20 junio 2005
Foster and Partners has volunteered to run a week-long architecture programme at Telferscot Primary School, London this week. Part of the nation-wide Big Arts Week initiative that connects the creative industries with local children, the programme will enable the children to design buildings and structures for eight contrasting sites. Ranging from a desert sanctuary, to an underwater building and a flying house, these creative projects aim to help the children celebrate and value the arts - to inspire the talent of tomorrow.
Foster and Partners has been involved in Big Arts Week since it began three years ago. It has since involved over 8,000 schools, 4,600 creative professionals and 150,000 young people. From 20 - 24 June 2005 a wide range of creatives, including musicians, visual artists, photographers and designers, have volunteered to share time with local children. Addressing the need to complement the often minimal arts education provided in most schools, Big Arts Week is a bid to provide children with an stimulating introduction to the creative world.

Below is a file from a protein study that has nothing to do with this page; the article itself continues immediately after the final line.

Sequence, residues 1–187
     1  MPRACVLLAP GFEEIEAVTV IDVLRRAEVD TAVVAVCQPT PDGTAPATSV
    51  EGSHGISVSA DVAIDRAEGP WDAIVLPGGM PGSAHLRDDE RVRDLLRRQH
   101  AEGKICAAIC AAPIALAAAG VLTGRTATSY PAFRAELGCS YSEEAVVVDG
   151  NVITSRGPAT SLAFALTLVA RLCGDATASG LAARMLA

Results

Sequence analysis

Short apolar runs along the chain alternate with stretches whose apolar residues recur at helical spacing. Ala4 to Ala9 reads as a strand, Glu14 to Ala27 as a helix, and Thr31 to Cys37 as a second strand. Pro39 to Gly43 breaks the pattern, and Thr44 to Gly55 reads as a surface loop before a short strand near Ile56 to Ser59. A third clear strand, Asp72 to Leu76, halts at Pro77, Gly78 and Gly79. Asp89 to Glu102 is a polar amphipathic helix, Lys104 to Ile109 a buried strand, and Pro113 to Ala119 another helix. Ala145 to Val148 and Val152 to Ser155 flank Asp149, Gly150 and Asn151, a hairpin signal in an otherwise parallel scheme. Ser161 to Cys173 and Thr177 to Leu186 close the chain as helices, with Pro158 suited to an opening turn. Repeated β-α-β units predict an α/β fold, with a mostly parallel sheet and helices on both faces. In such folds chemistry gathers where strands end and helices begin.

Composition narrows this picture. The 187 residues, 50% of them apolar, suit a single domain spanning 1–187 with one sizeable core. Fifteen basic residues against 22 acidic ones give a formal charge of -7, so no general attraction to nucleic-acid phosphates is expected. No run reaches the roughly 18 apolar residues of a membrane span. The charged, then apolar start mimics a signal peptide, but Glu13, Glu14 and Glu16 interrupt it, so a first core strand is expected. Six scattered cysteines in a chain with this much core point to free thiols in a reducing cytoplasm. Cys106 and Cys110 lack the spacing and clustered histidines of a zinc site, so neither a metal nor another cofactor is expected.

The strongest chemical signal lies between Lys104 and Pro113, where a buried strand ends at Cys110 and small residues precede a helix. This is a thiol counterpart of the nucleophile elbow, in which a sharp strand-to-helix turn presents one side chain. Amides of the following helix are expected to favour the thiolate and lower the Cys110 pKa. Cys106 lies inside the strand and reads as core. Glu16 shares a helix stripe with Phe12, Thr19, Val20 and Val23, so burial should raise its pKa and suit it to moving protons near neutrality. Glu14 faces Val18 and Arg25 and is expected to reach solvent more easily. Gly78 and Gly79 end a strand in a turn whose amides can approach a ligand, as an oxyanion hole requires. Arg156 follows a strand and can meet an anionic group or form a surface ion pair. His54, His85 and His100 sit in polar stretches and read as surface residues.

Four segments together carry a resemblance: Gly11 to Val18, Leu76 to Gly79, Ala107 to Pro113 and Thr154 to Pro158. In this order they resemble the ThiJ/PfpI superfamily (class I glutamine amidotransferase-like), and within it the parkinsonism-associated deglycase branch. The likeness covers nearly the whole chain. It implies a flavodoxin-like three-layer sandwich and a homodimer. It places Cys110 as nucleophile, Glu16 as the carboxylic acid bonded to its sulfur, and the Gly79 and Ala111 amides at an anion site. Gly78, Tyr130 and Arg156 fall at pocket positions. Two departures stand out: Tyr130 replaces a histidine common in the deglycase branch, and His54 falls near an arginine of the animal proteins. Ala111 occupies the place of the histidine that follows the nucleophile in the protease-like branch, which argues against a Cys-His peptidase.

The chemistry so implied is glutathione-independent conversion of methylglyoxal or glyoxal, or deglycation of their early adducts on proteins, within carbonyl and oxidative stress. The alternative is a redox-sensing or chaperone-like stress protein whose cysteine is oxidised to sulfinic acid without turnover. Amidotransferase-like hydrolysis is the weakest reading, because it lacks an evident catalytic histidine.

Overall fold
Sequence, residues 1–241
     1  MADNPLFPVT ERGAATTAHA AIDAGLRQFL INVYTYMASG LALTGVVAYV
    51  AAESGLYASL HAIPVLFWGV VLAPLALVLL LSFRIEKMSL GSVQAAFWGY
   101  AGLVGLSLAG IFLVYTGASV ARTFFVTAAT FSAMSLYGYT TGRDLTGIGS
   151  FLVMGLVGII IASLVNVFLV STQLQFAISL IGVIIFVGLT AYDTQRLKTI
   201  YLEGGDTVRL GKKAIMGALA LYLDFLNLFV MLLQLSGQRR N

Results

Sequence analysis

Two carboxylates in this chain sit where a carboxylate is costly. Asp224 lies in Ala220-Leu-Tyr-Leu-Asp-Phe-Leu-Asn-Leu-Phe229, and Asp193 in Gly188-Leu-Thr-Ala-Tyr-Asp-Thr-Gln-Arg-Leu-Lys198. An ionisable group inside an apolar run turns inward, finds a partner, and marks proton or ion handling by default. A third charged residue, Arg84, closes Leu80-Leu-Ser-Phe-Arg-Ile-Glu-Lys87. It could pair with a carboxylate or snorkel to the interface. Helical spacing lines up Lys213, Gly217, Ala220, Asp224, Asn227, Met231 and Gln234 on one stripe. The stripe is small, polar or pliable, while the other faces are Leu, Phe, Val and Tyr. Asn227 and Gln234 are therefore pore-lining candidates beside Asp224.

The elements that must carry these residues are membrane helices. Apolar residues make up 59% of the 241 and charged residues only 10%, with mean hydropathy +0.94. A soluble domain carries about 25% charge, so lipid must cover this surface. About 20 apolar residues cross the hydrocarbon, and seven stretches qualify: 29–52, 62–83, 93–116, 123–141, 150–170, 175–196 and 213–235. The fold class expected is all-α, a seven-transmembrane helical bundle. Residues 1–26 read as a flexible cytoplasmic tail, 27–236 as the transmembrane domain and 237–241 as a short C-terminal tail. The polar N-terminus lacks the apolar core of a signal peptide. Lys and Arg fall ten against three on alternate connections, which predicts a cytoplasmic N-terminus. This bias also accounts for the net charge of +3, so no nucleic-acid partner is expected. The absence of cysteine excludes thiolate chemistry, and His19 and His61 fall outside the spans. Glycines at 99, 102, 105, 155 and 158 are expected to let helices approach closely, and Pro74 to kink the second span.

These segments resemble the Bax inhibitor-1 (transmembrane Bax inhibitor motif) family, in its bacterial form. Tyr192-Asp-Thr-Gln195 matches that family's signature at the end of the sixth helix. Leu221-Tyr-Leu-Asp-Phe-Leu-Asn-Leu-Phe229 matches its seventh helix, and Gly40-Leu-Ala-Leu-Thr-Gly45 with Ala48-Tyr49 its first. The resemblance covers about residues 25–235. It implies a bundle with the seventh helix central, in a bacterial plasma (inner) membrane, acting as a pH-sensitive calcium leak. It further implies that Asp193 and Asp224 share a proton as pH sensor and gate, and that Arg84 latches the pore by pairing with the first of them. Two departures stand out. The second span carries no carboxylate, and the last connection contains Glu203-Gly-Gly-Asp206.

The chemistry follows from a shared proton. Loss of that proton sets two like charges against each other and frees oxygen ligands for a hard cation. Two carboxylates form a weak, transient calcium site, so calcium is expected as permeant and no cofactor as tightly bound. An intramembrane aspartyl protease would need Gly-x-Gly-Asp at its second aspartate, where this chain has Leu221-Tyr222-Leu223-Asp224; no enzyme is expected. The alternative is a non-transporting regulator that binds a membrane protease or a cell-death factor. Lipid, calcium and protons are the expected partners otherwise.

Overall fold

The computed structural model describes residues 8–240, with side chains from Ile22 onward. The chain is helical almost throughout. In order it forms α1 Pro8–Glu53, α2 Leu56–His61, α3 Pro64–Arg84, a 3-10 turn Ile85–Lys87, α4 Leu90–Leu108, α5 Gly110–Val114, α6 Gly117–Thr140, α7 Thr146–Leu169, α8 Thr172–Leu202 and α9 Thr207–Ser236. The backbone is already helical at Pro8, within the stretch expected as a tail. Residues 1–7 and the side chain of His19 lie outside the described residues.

Foster and Partners creative project involves 8 classes of 30 children. Each class will be given a site model, with space for a new building or structure. These consist of varying climates and topographies - a mountain, a riverside location, a desert, a seaside environment, an urban quarter, an underwater or floating site, an air-bound space, and a dense forest. The children visited the practice at the beginning of the week as an introduction to the programme. Lord Foster and Partner, Narinder Sagoo, will subsequently visit the school to oversee the projects. Working in small teams, the children will be encouraged to develop ideas by drawing sketches and plans, and finally building models to place on their sites. The week will culminate in a prize giving to the best of the 8 schemes.
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